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News > Latin America

Odebrecht Gave Argentina's Macri US$500k For Presidential Run

  • Argentina's President Mauricio Macri

    Argentina's President Mauricio Macri | Photo: Reuters

Published 30 April 2017
Opinion

The donation was processed through Odebrecht's Braksem SA branch "in order to avoid public exposure,” a report says.

Argentina's President Mauricio Macri received US$500,000 from Brazil's Odebrecht construction firm for his 2015 electoral campaign, Argentine daily La Nacion revealed on Sunday.

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The donation was processed through Odebrecht's Braksem SA branch, and appeared in Macri's party 2015 balance record. The company defended the move as "totally legal," saying the sum of money was for the purchase of cutlery for a fundraising dinner that Macri's Cambiemos coalition organized in March of that year.

“Braksem belongs to Odebrecht, it's dedicated to the petrochemical market, with a branch in Argentina,” said the paper. “The Brazilian giant's strategy was to have this lower-profile branch's name appear in order to avoid public exposure.”

The leak comes after Odebrecht admitted it funded the electoral campaigns of other Latin American presidents, including Colombia's current President Juan Manuel Santos and Peru's former President Ollanta Humala.

Macri was also one of the main figure involved in the Panama Papers scandal after a leak from a company revealed how world leaders had thousands of offshore companies in tax havens to avoid paying taxes.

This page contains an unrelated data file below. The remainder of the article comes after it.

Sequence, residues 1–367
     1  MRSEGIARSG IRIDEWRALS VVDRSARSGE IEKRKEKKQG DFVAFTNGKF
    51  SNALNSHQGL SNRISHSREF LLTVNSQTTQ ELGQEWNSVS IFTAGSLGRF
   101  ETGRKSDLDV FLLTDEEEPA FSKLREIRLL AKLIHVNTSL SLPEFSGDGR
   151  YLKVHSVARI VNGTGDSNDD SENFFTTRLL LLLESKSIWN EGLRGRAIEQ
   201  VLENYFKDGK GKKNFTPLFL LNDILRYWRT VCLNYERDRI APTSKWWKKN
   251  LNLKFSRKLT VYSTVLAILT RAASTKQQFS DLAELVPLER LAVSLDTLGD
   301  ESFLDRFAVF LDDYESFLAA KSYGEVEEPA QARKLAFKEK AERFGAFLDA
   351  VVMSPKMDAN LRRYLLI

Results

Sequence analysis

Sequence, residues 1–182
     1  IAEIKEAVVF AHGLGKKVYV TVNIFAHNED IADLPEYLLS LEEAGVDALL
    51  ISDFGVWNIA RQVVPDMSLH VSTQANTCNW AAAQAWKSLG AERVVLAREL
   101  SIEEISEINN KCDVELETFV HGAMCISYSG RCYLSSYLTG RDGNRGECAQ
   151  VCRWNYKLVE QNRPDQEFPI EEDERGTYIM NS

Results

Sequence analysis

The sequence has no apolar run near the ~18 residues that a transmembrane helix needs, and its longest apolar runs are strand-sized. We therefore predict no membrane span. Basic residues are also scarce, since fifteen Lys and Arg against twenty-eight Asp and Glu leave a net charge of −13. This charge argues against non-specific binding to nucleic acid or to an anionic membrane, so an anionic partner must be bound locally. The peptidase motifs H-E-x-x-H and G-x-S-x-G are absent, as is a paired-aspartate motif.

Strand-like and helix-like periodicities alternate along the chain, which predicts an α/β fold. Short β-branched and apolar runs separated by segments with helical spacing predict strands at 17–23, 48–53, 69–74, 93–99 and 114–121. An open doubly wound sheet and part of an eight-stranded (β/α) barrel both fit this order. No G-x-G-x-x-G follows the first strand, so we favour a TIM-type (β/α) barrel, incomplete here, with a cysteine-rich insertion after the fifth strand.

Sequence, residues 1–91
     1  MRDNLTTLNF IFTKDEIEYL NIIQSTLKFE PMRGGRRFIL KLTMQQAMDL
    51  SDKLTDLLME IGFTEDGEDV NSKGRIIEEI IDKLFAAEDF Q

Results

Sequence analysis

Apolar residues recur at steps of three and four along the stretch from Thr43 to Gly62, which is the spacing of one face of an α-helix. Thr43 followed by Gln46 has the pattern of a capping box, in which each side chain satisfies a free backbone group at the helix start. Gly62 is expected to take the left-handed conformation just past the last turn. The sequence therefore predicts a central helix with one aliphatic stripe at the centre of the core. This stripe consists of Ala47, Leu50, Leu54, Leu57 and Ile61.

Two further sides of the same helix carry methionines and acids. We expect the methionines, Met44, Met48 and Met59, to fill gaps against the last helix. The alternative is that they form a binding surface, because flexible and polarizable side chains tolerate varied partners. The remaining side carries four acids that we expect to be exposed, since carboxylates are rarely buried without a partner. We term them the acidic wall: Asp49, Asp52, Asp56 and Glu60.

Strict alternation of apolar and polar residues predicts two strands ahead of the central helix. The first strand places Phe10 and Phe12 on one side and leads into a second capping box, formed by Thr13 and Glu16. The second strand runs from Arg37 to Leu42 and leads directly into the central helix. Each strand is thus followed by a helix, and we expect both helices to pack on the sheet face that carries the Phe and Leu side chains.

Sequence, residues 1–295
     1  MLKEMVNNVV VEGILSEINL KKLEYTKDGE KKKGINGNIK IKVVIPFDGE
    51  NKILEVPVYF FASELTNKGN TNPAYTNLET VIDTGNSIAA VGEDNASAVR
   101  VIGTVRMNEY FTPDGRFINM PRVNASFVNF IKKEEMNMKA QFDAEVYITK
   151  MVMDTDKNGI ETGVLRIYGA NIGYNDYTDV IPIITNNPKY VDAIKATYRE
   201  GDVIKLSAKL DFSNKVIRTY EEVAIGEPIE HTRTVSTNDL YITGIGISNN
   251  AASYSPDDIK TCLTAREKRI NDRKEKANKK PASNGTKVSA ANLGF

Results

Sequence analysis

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For 2015, Macri declared his fortune as being worth US$110 million to Argentina's Anti-Corruption Office, an increase of 100 percent from the US$52 million he reported for the 2014 fiscal year. Following the Panama Papers leak, Macri admitted to having over US$18 million in tax havens.

Macri’s government has proposed a tax amnesty bill, which has been approved by the country's congress. This controversial law aimed to shield tax evaders who have undeclared holdings and assets while offering them lower taxes in order for them to bring assets to the country.

At Macri’s request, the law excluded from any relatives of officials who have engaged in money laundering or have undeclared assets abroad from legal responsibilities, a caveat that critics say is a clear wink at his own father and siblings.

Earlier this month, polls found that Macri's approval rate dropped to 24 percent, with 54 percent of Argentines polled saying they did not trust him.

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